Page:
More than a third of community dwelling adults age 62 to 85 take five or more medications,1 a situation called polypharmacy that can lead to adverse drug effects, medication nonadherence, increased mortality, higher cost, and functional impairment. Physicians can bring some order to this chaos through deprescribing, which involves identifying inappropriate or unnecessary medications and discontinuing them.
Here are four tools to help the process go easier:
• The Anticholinergic Burden Calculator can help you evaluate a patient’s potential for serious anticholinergic effects. This is a good place to start with geriatric patients, as reducing or eliminating anticholinergic burdens can often improve patients’ overall function and quality of life. Start with deprescribing those medications in the highest (level 3) category.
• The Beers List includes medications that pose the highest risk to older patients, along with alternatives. (For the most recent update, see the Journal of the American Geriatric Society.)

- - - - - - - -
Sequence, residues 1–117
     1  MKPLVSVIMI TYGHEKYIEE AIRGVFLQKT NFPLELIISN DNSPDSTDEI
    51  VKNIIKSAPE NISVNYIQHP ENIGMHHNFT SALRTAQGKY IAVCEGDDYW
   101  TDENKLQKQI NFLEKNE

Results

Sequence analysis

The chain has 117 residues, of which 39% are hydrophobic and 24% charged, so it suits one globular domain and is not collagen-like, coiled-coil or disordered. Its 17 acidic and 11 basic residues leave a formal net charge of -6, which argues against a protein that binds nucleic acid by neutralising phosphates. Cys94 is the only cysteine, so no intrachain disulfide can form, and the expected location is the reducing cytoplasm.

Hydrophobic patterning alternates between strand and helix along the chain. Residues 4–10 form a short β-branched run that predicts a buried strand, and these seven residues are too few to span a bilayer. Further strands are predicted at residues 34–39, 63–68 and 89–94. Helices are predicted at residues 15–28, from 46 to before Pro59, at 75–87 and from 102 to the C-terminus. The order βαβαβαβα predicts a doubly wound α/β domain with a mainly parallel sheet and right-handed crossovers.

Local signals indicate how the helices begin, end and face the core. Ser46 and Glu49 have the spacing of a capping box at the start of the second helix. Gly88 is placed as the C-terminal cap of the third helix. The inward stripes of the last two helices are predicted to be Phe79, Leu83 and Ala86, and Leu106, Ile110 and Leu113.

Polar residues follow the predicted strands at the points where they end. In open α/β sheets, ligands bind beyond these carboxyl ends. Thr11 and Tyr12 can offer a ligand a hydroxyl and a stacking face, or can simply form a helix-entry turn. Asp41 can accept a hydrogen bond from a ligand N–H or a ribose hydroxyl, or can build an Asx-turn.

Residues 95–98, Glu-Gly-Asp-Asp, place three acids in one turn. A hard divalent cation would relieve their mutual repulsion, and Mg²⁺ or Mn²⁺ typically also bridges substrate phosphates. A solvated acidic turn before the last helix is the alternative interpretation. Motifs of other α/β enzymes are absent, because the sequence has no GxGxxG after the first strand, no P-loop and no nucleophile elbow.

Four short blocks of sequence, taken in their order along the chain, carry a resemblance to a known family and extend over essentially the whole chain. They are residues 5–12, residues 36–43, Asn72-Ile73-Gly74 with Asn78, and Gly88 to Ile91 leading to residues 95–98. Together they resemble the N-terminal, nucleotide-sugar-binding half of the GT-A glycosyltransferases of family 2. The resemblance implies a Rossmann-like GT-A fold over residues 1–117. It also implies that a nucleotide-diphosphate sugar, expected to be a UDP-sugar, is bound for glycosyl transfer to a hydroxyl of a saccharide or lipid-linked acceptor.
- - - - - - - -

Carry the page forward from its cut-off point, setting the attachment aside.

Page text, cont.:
• Deprescribing.org provides deprescribing guidelines and algorithms, patient decision aids, and an up-to-date resource list of evidence and research.
• MedStopper allows you to enter a drug list for a specific patient and receive recommendations regarding which medications might be discontinued or switched.
Once you have identified which medications to deprescribe, talk to your patient and develop a plan, which may involve discontinuing one medication at a time or tapering medications.
1. Qato DM, Wilder J, Schumm LP, Gillet V, Alexander GC. Changes in prescription and over-the-counter medication and dietary supplement use among older adults in the United States, 2005 vs. 2011. JAMA Intern Med. 2016;176(4):473-482.
Read the full FPM article: “Deprescribing Unnecessary Medications: A Four-Part Process."
Sign up to receive FPM's free, weekly e-newsletter, "Quick Tips & Insights," featuring practical, peer-reviewed advice for improving practice, enhancing the patient experience, and developing a rewarding career.